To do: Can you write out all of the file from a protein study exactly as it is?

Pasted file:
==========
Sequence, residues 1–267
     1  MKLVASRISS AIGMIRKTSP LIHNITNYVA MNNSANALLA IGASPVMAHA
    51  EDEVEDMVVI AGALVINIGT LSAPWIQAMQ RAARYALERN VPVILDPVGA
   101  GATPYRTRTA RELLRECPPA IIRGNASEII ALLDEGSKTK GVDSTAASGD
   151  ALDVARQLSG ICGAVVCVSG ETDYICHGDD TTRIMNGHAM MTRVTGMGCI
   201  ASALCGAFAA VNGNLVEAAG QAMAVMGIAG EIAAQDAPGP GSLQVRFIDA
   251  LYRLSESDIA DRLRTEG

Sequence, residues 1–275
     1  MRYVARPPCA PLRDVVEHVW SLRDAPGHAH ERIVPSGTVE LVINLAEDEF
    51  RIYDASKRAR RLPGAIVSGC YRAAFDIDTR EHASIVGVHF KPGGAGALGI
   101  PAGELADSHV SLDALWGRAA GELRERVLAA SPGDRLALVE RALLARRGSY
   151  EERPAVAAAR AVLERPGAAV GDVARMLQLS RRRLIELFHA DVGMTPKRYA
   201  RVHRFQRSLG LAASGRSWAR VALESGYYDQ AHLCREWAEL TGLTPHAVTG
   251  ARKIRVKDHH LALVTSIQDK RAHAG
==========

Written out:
Sequence, residues 1–267
     1  MKLVASRISS AIGMIRKTSP LIHNITNYVA MNNSANALLA IGASPVMAHA
    51  EDEVEDMVVI AGALVINIGT LSAPWIQAMQ RAARYALERN VPVILDPVGA
   101  GATPYRTRTA RELLRECPPA IIRGNASEII ALLDEGSKTK GVDSTAASGD
   151  ALDVARQLSG ICGAVVCVSG ETDYICHGDD TTRIMNGHAM MTRVTGMGCI
   201  ASALCGAFAA VNGNLVEAAG QAMAVMGIAG EIAAQDAPGP GSLQVRFIDA
   251  LYRLSESDIA DRLRTEG

Sequence, residues 1–275
     1  MRYVARPPCA PLRDVVEHVW SLRDAPGHAH ERIVPSGTVE LVINLAEDEF
    51  RIYDASKRAR RLPGAIVSGC YRAAFDIDTR EHASIVGVHF KPGGAGALGI
   101  PAGELADSHV SLDALWGRAA GELRERVLAA SPGDRLALVE RALLARRGSY
   151  EERPAVAAAR AVLERPGAAV GDVARMLQLS RRRLIELFHA DVGMTPKRYA
   201  RVHRFQRSLG LAASGRSWAR VALESGYYDQ AHLCREWAEL TGLTPHAVTG
   251  ARKIRVKDHH LALVTSIQDK RAHAG